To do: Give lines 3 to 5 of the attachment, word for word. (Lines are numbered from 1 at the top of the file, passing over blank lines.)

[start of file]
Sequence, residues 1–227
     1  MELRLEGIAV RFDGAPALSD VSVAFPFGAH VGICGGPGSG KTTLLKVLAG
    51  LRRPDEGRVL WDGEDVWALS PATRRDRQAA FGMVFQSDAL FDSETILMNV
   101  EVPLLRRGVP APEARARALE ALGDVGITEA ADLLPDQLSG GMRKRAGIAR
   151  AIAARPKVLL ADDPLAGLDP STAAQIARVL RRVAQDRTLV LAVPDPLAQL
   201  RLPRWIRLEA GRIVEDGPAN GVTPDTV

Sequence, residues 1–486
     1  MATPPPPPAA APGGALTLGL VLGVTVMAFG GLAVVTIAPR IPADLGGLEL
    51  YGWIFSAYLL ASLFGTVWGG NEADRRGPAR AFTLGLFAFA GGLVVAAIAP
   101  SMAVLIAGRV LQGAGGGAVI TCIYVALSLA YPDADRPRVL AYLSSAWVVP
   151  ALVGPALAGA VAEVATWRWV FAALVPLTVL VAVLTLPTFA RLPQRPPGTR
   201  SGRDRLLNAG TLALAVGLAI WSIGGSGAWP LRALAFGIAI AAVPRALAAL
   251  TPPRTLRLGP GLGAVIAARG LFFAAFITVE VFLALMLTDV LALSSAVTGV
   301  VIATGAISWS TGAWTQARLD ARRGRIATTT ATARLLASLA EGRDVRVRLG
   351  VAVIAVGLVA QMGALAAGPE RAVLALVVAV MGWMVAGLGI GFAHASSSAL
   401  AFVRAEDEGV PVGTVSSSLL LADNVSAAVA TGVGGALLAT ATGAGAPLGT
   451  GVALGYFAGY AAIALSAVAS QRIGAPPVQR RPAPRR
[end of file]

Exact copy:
    51  LRRPDEGRVL WDGEDVWALS PATRRDRQAA FGMVFQSDAL FDSETILMNV
   101  EVPLLRRGVP APEARARALE ALGDVGITEA ADLLPDQLSG GMRKRAGIAR
   151  AIAARPKVLL ADDPLAGLDP STAAQIARVL RRVAQDRTLV LAVPDPLAQL